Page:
Do fat substitutes make us fat?

Woman eating potato chips

Weight loss warriors can choose from an array of lower-fat food options that all contain fat substitutes. It seems ingenious – — enjoying your favourite snack foods, sauces, spreads and bakery goods, without the extra kilojoules. But as accredited nutritionist Caitlin Reid points out, if it’’s too good to be true, it probably is.

Fat is often seen as the dietary villain; the nutrient to blame for our expanding waistlines. So it makes sense to look for fat substitutes that can allow consumers to enjoy kilojoule-rich foods without the negative effects of weight gain. For this to work though, fat substitutes need to replace the sensory and functionality properties of fat while providing fewer kilojoules, saturated fat, cholesterol and trans fat.

To maintain the same mouth feel of full fat sauces, salad dressings, baked goods and frozen desserts, carbohydrate-based fat replacers are used as thickeners, while milk or egg protein are used as protein-based fat replacers in low-fat dairy products, margarines, soups and mayonnaises. However, when it comes to trying to lose weight, fat substitutes might be the last thing you should be eating.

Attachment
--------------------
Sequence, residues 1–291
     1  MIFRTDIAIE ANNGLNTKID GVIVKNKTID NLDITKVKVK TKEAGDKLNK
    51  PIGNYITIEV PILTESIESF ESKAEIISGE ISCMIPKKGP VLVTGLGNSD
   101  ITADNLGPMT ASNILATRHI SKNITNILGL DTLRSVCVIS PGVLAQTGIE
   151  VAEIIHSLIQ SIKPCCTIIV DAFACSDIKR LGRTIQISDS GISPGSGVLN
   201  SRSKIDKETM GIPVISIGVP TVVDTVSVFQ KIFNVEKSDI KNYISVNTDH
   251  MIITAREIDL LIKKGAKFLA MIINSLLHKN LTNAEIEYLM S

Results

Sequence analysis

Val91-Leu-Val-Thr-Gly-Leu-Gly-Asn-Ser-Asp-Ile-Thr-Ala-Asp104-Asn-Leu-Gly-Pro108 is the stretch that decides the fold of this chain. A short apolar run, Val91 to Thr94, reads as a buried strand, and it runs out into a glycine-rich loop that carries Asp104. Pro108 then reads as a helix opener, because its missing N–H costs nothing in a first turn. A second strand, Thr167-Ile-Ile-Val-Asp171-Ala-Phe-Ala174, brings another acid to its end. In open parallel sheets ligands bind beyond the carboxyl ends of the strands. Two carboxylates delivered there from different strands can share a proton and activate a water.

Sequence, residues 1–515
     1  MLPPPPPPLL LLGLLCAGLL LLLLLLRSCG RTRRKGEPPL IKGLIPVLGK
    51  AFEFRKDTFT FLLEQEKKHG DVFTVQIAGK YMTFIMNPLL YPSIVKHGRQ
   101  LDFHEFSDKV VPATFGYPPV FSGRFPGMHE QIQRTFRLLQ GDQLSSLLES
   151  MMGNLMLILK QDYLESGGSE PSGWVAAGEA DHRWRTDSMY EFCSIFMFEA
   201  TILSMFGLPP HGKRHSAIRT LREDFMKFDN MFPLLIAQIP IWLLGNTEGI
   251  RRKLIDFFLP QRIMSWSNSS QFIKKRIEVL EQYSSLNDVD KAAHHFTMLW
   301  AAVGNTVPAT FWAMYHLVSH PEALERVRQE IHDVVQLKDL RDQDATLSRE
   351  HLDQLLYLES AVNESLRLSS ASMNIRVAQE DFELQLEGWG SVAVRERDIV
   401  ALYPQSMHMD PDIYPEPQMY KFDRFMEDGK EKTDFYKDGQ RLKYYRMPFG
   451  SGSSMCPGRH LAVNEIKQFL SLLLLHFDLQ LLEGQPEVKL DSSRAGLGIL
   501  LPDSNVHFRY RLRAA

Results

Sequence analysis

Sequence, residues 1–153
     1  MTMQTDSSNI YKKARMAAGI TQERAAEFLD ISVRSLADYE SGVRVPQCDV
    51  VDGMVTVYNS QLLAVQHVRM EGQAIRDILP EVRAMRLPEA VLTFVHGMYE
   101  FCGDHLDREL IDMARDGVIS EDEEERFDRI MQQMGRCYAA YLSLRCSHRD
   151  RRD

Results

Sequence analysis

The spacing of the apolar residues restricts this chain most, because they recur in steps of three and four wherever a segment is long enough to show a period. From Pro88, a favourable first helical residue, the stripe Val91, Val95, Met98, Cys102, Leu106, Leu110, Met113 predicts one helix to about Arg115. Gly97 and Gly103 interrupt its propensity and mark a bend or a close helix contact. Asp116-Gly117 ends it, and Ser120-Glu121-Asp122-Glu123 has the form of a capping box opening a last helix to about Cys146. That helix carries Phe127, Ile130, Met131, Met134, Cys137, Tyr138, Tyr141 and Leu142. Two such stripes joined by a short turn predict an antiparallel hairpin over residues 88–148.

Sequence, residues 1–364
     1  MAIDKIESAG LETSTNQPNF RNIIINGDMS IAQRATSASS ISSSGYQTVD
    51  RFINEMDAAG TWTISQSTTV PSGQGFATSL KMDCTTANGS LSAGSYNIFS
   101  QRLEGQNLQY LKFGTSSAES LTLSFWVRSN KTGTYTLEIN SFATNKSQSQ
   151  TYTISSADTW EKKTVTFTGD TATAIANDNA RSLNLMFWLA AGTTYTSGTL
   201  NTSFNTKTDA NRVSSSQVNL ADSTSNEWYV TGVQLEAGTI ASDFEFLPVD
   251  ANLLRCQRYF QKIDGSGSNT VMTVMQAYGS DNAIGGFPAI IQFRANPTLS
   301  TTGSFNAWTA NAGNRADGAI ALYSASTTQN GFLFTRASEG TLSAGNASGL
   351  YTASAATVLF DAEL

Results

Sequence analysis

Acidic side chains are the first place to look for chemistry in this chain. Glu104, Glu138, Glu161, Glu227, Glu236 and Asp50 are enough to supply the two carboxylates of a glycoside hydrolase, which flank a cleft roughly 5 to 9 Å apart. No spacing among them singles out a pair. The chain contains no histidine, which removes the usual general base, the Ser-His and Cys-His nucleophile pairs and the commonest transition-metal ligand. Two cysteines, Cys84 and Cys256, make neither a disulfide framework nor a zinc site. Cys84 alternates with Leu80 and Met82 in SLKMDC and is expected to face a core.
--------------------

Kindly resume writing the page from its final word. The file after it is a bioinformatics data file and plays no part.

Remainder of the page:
What does the research say?

New animal research from Purdue University challenges the idea that foods made with fat substitutes help with weight loss. In the study rats were fed Pringles potato chips — either high fat or both high-fat and low-fat olestra (fat substitute) varieties. Rats eating a mixture of the two types of potato chips consumed more food, gained more weight and developed more fatty tissue than the rats that ate only the high-fat chips. According to the researchers, fat substitutes can confuse the body and it’s ability to regulate food intake, increasing the likelihood of weight gain.

Why would a fat substitute confuse the body?

When you eat a fatty food, your body is expecting a large number of kilojoules and the taste triggers a number of responses in the body such as salivation, hormonal secretions and metabolic reactions. However, fat substitutes interfere with that relationship, confusing our body as no kilojoules arrive. The confusion can interfere with the body’s ability to regulate food intake, which can lead to inefficient use of kilojoules and weight gain. More research is needed to determine whether this confusion happens in humans. However, instead of waiting for the research, why not focus on including foods that are naturally lower in fat, rather than relying on fat substitutes. A small amount of healthy fats in the form of plant-based oils, oily fish, nuts, seeds and avocados are also recommended.

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